Note: A few days before we left on our China tour, my parents flew to Taiwan to meet up with us. My Dad has (unbelievably) not been back for 23 years!!! Their social schedule immediately filled up, and we were whisked from restaurant to restaurant, invited by various shu-shu’s and a-yi’s that have known my parents since they were in college…junior high…even elementary school! Taipei is a completely different place now, and it was really fun to wander around with my parents and hear their stories about places they used to hang out, their old neighborhoods, and how things have changed. Here are some additional thoughts from my Dad on the country where he grew up.
Wendy and I have planned for quite a while to join Hope and Jeremy in the middle of their around-the-world journey. We got to Taipei on May 11 and left on May 15 for China, where our family (including Eddo) will tour some of the historical and famously beautiful sceneries. I am pleased to be a guest blogger to say a few words about our Taipei staying.
Taiwan, especially Taipei, is the place like our root where we grew up and had our education through college. I finished my college in 1968. Right after I graduated, I served the Navy as a navigation officer (rank: 2nd Lieutenant). Then, in 1970, I got admission to went to New York studying oceanography and marine science. Two years later, I came back to Taipei to visit my parents and to “cure” my “homesickness.” I met a beautiful Cathay Pacific Airlines ticketing agent and asked for a date. Eventually, she married me two years later and went to New York in 1974 to be with me.
Therefore, both Wendy and I have tons of bygones here in Taiwan. In the last 26 years, however, I have only set foot in Taiwan twice: once in ‘83 (for shorter than 2 weeks), and again in ‘86 for only three days. Therefore, after I landed at Taoyuan International Airport, this place looks different and actually foreign to me. My feeling of “homecoming” is like the story of Rip Van Winkle’s coming home after a dream in the forest.
Some of my friends invite us to a dinner. Mr. Liu Hui Sheng and I were neighbors in 1955, but we have not seen each other for over 35 years. Mr. Chang Er Liew was my best friend at the time before I left Taiwan. there were many, many nights I slept over at his little “den” and got up late next morning for school. We did many silly things together and never hurt each other. Those were my “Bohemian youth buddies.” Si-wei, who is Mr. Chang’s elder brother, last time saw me before 1981. And both of us are in our 60s now, Can “time flies like an arrow” describe our feelings?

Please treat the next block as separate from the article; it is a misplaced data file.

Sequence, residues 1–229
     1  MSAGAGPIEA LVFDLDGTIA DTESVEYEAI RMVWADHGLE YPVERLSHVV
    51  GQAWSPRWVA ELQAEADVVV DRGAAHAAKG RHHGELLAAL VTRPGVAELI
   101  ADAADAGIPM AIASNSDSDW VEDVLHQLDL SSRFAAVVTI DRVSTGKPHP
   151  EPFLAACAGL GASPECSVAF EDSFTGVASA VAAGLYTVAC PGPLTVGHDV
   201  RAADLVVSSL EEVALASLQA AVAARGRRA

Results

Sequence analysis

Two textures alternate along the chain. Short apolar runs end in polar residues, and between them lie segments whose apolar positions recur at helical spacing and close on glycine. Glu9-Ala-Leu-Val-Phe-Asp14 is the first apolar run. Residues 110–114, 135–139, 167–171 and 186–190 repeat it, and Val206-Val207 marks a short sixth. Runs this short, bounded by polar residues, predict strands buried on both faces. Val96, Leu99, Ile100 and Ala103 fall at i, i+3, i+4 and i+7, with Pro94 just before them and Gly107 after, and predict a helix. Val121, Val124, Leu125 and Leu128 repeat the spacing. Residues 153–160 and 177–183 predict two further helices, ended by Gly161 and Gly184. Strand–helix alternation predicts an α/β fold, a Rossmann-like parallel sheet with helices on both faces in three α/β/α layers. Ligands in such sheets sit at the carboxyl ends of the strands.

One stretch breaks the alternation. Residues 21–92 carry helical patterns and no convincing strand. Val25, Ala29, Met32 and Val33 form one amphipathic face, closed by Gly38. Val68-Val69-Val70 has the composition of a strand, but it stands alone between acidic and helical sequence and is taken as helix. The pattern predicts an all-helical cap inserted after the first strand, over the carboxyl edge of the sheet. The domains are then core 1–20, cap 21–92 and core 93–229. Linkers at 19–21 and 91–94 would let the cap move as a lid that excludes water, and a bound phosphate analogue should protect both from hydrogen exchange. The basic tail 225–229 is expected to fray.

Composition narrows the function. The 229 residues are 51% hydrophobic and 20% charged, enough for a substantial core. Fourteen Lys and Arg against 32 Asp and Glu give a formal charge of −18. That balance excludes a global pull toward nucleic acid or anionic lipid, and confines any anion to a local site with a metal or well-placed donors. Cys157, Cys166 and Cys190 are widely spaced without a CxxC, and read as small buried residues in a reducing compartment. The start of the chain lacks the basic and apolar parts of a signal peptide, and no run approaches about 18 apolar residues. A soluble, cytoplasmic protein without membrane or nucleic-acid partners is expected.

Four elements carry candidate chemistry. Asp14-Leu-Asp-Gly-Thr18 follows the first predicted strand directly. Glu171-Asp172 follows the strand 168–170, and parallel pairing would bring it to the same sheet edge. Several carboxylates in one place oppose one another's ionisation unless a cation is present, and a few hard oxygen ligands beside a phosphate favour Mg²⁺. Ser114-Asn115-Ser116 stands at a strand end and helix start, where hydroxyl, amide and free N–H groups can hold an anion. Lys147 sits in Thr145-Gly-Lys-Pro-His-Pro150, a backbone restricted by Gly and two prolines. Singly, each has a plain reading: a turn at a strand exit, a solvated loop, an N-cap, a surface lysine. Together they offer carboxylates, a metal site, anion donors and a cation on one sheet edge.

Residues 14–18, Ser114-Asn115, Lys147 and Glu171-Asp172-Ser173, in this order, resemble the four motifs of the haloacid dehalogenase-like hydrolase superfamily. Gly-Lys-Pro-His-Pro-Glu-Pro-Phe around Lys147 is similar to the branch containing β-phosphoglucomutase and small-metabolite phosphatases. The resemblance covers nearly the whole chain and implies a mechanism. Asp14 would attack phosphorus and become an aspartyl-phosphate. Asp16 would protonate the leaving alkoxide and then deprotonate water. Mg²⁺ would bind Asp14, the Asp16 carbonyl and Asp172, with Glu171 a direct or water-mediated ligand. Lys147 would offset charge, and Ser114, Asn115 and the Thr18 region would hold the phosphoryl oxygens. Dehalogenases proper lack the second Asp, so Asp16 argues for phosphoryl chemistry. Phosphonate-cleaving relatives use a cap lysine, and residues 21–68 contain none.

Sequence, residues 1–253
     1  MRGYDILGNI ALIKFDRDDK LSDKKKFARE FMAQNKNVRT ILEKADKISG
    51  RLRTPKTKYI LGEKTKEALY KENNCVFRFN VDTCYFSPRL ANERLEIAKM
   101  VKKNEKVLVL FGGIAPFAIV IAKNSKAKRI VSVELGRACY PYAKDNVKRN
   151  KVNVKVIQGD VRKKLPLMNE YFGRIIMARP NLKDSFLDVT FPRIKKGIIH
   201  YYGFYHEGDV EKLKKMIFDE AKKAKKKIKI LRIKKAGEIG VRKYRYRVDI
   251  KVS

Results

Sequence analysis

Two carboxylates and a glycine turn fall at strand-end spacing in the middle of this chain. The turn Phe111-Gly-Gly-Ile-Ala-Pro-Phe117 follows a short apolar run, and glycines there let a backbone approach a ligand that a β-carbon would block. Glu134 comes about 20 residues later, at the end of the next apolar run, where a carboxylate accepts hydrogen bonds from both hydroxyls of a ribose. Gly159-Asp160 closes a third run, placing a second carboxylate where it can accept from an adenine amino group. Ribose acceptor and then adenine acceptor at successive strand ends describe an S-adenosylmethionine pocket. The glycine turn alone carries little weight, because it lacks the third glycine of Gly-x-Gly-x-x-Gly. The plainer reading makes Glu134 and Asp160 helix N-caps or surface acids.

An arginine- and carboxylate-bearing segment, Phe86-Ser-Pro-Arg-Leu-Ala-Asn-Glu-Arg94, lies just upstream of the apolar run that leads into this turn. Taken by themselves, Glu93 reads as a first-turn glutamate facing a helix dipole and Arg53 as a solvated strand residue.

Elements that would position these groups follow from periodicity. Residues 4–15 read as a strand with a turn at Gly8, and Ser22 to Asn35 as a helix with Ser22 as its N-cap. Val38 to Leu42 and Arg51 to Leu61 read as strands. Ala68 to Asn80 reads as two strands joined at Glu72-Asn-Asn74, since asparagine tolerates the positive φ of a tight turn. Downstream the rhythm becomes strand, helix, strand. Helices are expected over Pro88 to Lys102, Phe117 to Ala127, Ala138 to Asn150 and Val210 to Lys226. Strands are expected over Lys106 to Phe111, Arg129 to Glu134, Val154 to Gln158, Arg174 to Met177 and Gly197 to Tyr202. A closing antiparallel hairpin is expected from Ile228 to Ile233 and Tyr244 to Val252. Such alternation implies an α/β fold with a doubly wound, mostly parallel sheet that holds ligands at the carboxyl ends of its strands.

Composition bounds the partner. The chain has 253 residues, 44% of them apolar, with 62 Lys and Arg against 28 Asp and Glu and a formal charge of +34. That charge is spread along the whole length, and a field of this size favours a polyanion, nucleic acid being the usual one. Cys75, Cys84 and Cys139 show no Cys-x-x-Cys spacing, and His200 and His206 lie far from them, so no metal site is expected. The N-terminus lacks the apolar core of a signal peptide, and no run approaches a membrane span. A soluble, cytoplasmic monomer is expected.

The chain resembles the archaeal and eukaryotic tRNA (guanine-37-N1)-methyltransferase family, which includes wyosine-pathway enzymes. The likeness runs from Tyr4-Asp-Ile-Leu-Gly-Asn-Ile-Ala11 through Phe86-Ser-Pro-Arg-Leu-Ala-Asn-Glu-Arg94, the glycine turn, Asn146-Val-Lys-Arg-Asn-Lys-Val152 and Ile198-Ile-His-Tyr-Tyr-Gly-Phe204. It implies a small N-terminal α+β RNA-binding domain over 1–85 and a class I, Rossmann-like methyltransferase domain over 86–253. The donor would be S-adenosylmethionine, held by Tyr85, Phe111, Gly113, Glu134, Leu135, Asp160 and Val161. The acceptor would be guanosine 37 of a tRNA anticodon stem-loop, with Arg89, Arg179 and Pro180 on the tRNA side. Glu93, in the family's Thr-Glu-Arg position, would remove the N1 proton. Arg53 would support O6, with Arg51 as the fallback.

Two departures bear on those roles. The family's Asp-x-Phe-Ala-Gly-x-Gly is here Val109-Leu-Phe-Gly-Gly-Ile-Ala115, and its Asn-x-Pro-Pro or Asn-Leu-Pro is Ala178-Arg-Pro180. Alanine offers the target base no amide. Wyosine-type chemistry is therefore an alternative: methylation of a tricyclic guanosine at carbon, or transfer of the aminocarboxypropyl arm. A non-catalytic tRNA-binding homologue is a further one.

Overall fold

Out to dinner with my Dad’s old buddies. Top row: me, Dad, Jeremy, Mom. Bottom row: Liu Hui Sheng, Chang Si Wei, Chang Er Liew, his wife, and son.
Jack Chia and Edgar Chang are two of my Navy friends. Oh well, the three of us were handsome Naval officers before and now either baldy or with grey hair. And, both of them have been “promoted” to be “grandpa” (OK, Hope and Jeremy, no pressure or any implication here from me, all right?).
On the second day of our arrival, I got hold with my cousin, whom I have also not seen since 1981. I had heard my aunt who is 95 years old and in her last stage of life. She has been bed-ridden and unconscious for some time already. I went to the hospital to see her. She laid in bed with all kinds of tubes connected to her nose and veins. Cousin Kuo-Ching announced my presence to her left ear, and I bent down next to say “Auntie, here I am to see you, please take care.” She had no response whatsoever, yet she looked so content and peaceful. She was a beautiful woman in her heyday, and to be honest, even at this stage, her skin looks very smooth with her short hair in silver grey. My tears came down to my cheeks. But, I believe, even in her deep sleep, she knows I am with her and also I love her dearly.
Well, Taipei’s weather is too hot for me. It’s been in the 80s, and this is only early May. Transportation, it has transit system which is convenient. Buses are confusing for me, because there are quite many bus routes run by several bus companies. But, they are all air-conditioned and not like the “sardine can” that I remember.
View of our neighborhood from Taipei 101 (click on the photo and you will be taken to the photo’s Flickr page, where I point out our building). Apparently this entire region of Taipei used to be rice fields.
Streets, roads, buildings, have changed too much. I still can find the old neighborhoods, but I do not recognize any new environment anymore. Taipei, my home for 22 years, looks like a strange place. My home now has to be Chula Vista, CA.